“And the world would have fallen into utter anarchy and darkness, but that there were found poets among the authors of the Christian and chivalric systems of manners and religion, who created forms of opinion and action never before conceived; which, copied into the imaginations of men, became as generals to the bewildered armies of their thoughts.”

The ordered thoughts of poetry “became as generals” within the minds of confused, disorganized Europeans. It’s tough to argue whether the poetry incited order or if general improvements in society gave rise to an artistic flourish, but haven’t you ever had a song stuck in your head? Have you ever had an image you couldn’t unsee? Has a phrase from a book, a line from a poem or a friend’s curious metaphor ever made you see something a little differently? Meme theory suggests that certain basic ideas spread like viruses; that we have ideas the same way we have colds or fevers. They infect us, affect us and eventually pass on to others we come in contact with.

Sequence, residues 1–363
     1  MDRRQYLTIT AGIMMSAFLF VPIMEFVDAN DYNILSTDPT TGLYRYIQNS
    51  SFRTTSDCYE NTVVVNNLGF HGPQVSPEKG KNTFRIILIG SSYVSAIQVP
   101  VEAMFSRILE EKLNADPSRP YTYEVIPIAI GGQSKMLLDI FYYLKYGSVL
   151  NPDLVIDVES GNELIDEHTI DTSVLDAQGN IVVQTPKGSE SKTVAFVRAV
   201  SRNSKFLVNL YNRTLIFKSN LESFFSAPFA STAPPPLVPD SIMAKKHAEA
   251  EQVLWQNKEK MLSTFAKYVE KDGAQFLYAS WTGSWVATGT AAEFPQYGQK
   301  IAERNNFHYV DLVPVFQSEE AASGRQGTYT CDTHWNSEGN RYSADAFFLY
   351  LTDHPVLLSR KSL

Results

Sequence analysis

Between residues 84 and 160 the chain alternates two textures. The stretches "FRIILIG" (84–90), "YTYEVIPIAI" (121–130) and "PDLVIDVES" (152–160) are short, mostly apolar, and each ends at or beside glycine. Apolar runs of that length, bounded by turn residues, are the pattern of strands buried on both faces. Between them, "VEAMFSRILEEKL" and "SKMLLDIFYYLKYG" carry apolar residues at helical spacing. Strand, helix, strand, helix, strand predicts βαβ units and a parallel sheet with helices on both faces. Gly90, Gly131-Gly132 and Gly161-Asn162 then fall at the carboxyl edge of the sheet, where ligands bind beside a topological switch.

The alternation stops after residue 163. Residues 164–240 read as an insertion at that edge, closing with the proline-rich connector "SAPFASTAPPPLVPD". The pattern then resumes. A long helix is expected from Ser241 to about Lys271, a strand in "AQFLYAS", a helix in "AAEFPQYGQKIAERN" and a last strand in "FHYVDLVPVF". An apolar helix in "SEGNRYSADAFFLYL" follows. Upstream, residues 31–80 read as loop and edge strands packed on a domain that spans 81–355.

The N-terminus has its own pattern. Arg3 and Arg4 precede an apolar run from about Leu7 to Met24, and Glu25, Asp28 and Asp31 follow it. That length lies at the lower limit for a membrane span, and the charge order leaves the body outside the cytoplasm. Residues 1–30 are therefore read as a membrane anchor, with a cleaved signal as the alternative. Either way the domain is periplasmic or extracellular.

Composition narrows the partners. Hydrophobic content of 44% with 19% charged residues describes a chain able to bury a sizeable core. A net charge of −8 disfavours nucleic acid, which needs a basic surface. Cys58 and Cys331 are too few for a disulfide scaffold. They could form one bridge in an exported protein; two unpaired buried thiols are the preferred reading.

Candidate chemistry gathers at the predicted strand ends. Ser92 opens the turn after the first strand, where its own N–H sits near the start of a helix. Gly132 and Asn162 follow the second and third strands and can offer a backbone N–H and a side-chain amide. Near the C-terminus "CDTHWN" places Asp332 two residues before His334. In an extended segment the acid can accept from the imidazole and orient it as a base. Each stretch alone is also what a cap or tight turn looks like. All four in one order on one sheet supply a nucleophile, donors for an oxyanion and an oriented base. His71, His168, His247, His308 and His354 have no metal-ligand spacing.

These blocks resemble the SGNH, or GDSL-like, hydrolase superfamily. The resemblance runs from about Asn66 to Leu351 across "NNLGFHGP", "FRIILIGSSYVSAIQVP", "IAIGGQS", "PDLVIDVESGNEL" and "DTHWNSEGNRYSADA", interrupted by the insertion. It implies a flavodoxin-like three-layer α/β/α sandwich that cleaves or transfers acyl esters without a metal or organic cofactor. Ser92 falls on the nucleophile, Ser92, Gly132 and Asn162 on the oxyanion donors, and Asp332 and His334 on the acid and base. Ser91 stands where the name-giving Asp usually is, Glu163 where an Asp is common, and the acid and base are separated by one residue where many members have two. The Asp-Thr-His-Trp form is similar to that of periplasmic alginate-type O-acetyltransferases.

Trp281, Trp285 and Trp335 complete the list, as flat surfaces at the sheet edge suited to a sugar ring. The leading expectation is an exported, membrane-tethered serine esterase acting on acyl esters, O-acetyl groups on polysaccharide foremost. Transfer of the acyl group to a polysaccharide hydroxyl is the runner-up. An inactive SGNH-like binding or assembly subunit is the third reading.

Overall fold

Communication (rather, well-crafted words, sounds and images) can change people and people can change themselves, others and even the world.

The memo you’re writing, the poster you’re creating or the email you’re drafting is much more than a temporarily uncrumpled sheet of paper; it’s an idea about to form in someone’s mind. It’s a seed of change. It’s a freshly promoted general standing before an eager, albeit bewildered, army.

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Two Sides of the Same Fence: Consultant Becomes Client

The “Choose Your Own Adventure” series is a well-known set of children’s books, with a simple idea—you, as the reader, become the main character in each book.